Uganda Elections 2006: Change to Party Politics Now Means Changing Lifestyle

Uganda Elections 2006: Change to Party Politics Now Means Changing Lifestyle


By Gideon Munaabi
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First published: February 14, 2005


Ever since Ugandans voted in the 2005 referendum that the country returns to multiparty politics, many people's life style has never been the same. The wind of political change has not only affected those in politics but almost every citizen in the way they greet, dress and speak among others.

In a referendum that was boycotted by the opposition and criticized by old political parties including the Uganda People's Congress (UPC), the Democratic Party (DP) the Conservative Party (CP) and the new kids on the block Forum for Democratic Change (FDC), Ugandans voted to move from the one-party movement system to party politics.

President Yoweri Museveni who had by that time registered the National Resistance Movement-Organization political party surprisingly vehemently campaigned for the return to political pluralism following pressure from within the country and donors.

In Uganda, the opposition described the Movement system as a one-party dictatorship orchestrated by President Museveni to deny the opposition any chance of getting to power since the only 'legal way' to come to power was to contest under the system with which Museveni was chairman.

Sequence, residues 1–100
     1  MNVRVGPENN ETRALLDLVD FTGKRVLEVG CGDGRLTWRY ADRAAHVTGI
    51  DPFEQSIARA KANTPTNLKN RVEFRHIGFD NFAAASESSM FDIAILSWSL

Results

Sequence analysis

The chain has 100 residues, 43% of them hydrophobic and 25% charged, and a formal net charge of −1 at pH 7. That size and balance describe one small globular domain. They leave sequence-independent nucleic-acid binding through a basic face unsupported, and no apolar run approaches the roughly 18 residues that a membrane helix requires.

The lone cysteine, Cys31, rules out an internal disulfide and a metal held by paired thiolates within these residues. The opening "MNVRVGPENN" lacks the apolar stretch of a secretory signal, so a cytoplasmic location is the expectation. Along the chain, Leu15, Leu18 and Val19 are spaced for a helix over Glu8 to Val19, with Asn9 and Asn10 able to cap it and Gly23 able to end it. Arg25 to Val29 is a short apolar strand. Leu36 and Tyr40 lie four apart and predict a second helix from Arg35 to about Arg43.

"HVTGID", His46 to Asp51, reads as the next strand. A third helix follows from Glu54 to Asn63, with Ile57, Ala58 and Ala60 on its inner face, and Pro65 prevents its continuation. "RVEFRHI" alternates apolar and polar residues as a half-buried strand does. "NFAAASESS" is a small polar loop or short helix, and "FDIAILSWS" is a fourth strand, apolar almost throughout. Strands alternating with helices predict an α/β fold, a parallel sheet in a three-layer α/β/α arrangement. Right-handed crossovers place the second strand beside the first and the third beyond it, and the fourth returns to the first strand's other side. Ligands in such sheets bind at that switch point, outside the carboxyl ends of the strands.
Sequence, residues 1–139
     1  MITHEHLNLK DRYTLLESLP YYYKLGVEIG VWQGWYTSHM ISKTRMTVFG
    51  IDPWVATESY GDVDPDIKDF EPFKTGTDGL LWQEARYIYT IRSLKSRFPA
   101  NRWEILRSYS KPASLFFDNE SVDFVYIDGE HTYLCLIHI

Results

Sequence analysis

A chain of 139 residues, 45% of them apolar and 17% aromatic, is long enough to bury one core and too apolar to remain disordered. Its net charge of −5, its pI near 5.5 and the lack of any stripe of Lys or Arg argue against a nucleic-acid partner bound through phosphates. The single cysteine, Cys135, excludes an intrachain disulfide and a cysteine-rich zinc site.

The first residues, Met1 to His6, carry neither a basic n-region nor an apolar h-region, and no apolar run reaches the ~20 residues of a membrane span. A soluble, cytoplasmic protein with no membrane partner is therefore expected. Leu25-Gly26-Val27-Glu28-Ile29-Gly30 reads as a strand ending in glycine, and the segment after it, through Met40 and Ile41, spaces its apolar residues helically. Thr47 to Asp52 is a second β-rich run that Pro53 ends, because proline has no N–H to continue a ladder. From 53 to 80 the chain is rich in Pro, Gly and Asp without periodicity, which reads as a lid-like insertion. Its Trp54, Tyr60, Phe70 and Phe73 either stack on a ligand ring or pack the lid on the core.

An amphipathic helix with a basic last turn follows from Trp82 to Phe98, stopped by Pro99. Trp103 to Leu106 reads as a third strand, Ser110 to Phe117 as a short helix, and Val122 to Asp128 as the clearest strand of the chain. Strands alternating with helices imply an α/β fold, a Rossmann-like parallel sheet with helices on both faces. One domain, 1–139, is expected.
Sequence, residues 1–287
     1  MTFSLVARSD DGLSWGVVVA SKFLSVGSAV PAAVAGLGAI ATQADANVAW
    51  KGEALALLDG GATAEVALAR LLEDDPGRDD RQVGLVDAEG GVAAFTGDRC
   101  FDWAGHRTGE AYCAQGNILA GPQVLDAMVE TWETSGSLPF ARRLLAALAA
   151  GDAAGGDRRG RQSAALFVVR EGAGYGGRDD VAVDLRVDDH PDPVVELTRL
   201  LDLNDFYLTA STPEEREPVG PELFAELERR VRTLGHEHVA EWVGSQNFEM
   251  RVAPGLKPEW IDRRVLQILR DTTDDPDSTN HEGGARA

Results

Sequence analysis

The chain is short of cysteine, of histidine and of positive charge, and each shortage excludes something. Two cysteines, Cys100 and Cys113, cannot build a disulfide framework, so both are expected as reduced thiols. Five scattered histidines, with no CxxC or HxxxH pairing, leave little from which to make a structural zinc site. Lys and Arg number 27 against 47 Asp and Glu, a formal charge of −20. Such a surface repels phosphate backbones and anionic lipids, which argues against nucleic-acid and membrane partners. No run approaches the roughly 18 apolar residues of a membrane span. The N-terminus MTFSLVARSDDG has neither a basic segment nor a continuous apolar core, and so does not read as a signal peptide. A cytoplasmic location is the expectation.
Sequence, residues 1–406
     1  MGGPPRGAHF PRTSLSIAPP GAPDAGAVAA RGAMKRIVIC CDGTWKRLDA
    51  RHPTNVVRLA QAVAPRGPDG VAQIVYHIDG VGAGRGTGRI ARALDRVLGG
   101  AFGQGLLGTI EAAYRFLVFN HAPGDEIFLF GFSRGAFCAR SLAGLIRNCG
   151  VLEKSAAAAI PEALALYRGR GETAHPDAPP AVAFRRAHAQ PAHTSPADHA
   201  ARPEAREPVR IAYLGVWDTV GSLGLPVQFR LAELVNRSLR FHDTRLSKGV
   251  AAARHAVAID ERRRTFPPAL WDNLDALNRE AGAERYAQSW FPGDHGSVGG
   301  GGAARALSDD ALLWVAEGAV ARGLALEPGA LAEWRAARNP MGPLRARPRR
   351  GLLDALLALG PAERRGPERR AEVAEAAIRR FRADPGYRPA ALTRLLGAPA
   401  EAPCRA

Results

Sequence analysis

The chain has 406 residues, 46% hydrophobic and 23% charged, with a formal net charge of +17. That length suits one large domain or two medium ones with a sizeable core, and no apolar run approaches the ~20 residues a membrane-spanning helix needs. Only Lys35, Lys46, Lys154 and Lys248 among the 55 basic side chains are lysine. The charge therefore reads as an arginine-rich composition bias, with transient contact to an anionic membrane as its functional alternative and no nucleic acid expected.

The opposition filed petitions challenging the legality of the Movement system and the Constitutional court ruled that the Movement was a political party, which had structures. Following this historical judgment, the opposition said that there was no need for even taking part in a referendum to choose on whether to retain the movement system or not.

To the opposition, the ruling National Resistance Movement and the rest of the Ugandans, this has been a big struggle to political liberation despite the long held fears that political parties are bad. At least for now, the law does not allow political parties formed on religious or tribal lines, something that had bogged the past party politics.

Despite all these measures, the effects of the new political dispensation have begun to be felt, not that people are fighting, but rather that they have to adjust their lifestyle to fit in the new political environment. In this article we will explore how political pluralism has changed the lifestyle of Ugandans particularly through the use of symbols, signs colors and speech.

Political Party colors:
For those planning to dress in red on Valentines Day (February 14) and you do not support the Uganda People's Congress (UPC), you are doing the UPC proud indirectly. If you did not know, red in Uganda does not only mean love and danger. It is also UPC's party color.

On the other hand, yellow no longer means jealous or mobile phone company-MTN's color because the National Resistance Movement has also taken it on as the party's color. Recently, an MTN street bash was mistaken for a rally organized by the National Resistance Movement that has gone beyond the official campaign time. According to the Uganda's Electoral Commission, rallies are supposed to stop at 6:00pm.